Thursday, September 10, 2009

I'm REALLY Diggin': Bubble Tea

Years ago, when I worked for an acupuncture school here in NYC, I would drink bubble tea AAAAAALLLLLLL the time. It got to the point that anytime students or faculty were trecking within a 2-block radius of the bubble tea shop, they immediately thought to ask me if I wanted one.

As the years progressed, I hadn't had the opportunity to have indulge in one of my favorite deliciousness. When I first came to my building for interviews, I was delighted to learn that there was a bubble tea cart outside. With the last $4 to my name, I decided to reacquaint myself with an old, much missed friend.

I've been at my new job for three days now, and I have had a bubble tea 5 times! LMAO Today, I forced myself to not have one just to prove (to myself) I'm not hooked (I can quit at anytime!)...

From Wikipedia: Bubble tea is a tea beverage shaken with cocktail shaker to produce bubbles, typically served cold. It originated in Taiwan in the 1980s, first spread to nearby East Asian countries, migrated to Canada before spreading to Chinatown in New York City, then to various spots throughout the West Coast of the United States[1].
There are many variants of the drink, depending on types of tea used and ingredients added. The most popular kinds are "bubble black tea (traditional Chinese: 泡沫紅茶; pinyin: pào mò hóng chá; lit. bubble red tea)", "bubble green tea (traditional Chinese: 泡沫綠茶; pinyin: pào mò lyù chá)", and "pearl milk tea (traditional Chinese: 珍珠奶茶; pinyin: zhen zhu nǎi chá)".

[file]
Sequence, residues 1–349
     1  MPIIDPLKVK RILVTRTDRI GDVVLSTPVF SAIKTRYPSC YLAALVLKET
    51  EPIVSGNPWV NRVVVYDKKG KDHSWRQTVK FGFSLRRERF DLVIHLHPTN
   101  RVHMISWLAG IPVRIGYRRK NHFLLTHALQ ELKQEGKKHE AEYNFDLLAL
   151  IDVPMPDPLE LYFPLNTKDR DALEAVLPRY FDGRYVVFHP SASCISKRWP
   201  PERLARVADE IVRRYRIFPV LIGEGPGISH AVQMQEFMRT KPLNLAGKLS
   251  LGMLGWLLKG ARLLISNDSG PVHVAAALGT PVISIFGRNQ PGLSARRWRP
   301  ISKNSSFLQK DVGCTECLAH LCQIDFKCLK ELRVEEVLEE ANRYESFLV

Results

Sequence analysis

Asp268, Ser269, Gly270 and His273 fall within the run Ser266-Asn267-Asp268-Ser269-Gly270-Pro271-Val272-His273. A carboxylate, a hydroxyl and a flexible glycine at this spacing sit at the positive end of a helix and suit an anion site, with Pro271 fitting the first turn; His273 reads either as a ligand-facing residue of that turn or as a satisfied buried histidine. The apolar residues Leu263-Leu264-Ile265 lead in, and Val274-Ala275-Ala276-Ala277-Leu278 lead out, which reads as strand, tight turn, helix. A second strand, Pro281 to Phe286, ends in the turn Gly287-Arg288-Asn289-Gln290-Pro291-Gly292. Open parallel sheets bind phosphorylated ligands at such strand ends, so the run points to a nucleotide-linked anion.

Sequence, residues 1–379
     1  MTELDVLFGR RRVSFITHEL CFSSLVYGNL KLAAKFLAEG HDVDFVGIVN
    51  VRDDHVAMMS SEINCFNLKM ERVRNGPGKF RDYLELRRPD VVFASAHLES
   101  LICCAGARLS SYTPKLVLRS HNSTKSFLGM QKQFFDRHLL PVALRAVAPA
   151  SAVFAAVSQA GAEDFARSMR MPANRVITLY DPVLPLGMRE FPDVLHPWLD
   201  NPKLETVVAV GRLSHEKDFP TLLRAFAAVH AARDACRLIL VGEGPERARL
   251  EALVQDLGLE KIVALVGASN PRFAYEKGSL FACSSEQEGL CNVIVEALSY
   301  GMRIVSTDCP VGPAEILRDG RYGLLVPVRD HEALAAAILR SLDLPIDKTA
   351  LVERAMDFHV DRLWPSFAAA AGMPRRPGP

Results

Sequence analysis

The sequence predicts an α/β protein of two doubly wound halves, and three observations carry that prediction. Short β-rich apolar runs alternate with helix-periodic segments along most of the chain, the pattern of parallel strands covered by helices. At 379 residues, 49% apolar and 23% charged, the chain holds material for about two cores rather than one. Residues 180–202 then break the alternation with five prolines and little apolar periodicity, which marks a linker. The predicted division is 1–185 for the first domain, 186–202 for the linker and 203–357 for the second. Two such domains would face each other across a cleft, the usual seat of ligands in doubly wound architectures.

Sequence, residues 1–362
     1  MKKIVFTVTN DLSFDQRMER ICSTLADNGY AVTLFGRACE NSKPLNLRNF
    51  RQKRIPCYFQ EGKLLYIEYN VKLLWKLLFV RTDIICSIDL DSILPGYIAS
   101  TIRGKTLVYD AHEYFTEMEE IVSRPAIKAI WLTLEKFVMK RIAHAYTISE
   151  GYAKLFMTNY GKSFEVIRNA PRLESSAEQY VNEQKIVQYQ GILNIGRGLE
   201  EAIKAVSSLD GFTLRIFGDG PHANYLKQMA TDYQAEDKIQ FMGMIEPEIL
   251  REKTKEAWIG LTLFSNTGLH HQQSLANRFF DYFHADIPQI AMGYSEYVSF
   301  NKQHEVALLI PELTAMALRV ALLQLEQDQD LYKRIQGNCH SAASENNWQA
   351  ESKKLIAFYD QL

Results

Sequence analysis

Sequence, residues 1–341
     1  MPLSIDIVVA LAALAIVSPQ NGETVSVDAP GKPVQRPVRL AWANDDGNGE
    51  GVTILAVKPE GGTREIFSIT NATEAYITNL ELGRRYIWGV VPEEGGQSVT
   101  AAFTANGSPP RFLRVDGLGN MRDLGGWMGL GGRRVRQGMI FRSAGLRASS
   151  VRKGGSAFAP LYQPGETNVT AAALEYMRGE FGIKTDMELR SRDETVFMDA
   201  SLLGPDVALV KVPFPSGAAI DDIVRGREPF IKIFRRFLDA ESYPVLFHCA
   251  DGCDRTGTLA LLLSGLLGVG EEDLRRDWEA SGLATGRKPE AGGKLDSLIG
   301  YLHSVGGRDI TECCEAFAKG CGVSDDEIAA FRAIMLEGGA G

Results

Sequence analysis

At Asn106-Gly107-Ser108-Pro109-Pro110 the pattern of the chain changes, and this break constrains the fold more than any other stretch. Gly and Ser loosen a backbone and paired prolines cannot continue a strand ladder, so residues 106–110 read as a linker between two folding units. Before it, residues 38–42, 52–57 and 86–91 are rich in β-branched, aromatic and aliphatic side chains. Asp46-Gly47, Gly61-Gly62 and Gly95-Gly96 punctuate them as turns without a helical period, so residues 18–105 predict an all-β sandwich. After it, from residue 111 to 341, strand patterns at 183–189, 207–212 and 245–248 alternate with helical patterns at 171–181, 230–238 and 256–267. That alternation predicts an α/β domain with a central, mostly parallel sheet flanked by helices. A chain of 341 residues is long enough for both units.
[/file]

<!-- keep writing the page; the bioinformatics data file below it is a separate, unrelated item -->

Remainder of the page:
In the most common English usage, the name "bubble tea" is often associated with pearl milk tea, as it is the most popular variant of the drink. Pearl milk tea, also known as "boba milk tea", is traditionally made by adding boba balls(made from a mixture of tapioca and carrageenan powder), large or small, to shaken milk black tea. Some tea houses used pre-mixed milk tea to simplify the steps and to reduce cost, thus remove the "shake" part from step and lessen its connection to the "bubble tea" name. This caused some confusion as to what "bubble" is referring to in pearl milk tea.

Bubble teas are generally of two distinct types: fruit-flavored teas, and milk teas. However, some shops offer a hybrid "fruit milk tea." Milk teas may use dairy or non-dairy creamers. Some healthier offers are 100% crushed fruit smoothies with pearls and signature ice cream shakes made from local ice cream sources. Some small cafes offer sweetener substitutes such as honey, agave, stevia, and aspartame upon special request.
The original bubble tea consisted of a hot mixture of Taiwanese black tea, brown large pearl tapioca, condensed milk, and honey. As this drink became more popular, variations were created. Iced versions appeared soon, and then came along green bubble tea which uses jasmine-infused green tea instead of black tea. Peach or plum flavoring began to appear, then more fruit flavors were added until, in some variations, the tea was removed entirely in favor of real fruit. These fruit versions usually contain colored pearls (and/or "jelly cubes" as in the related drink taho), the color chosen to match whatever fruit juice is used. Flavors may be added in the form of powder, fruit juice, pulp, or syrup to hot black or green tea, which is shaken in a cocktail shaker or mixed in a blender with ice until chilled. Cooked tapioca pearls and other mix-ins are added at the end.
Today one can find shops entirely devoted to bubble tea, similar to juice bars of the early 1990s. Bubble tea bars often serve bubble tea using a machine to seal the top of the cup with plastic cellophane. This allows the tea to be shaken in the serving cup. The cellophane is then pierced with a straw. The straw may be brightly colored, and is oversized, large enough for the pearls to pass through. Other cafés use plastic dome-shaped lids.

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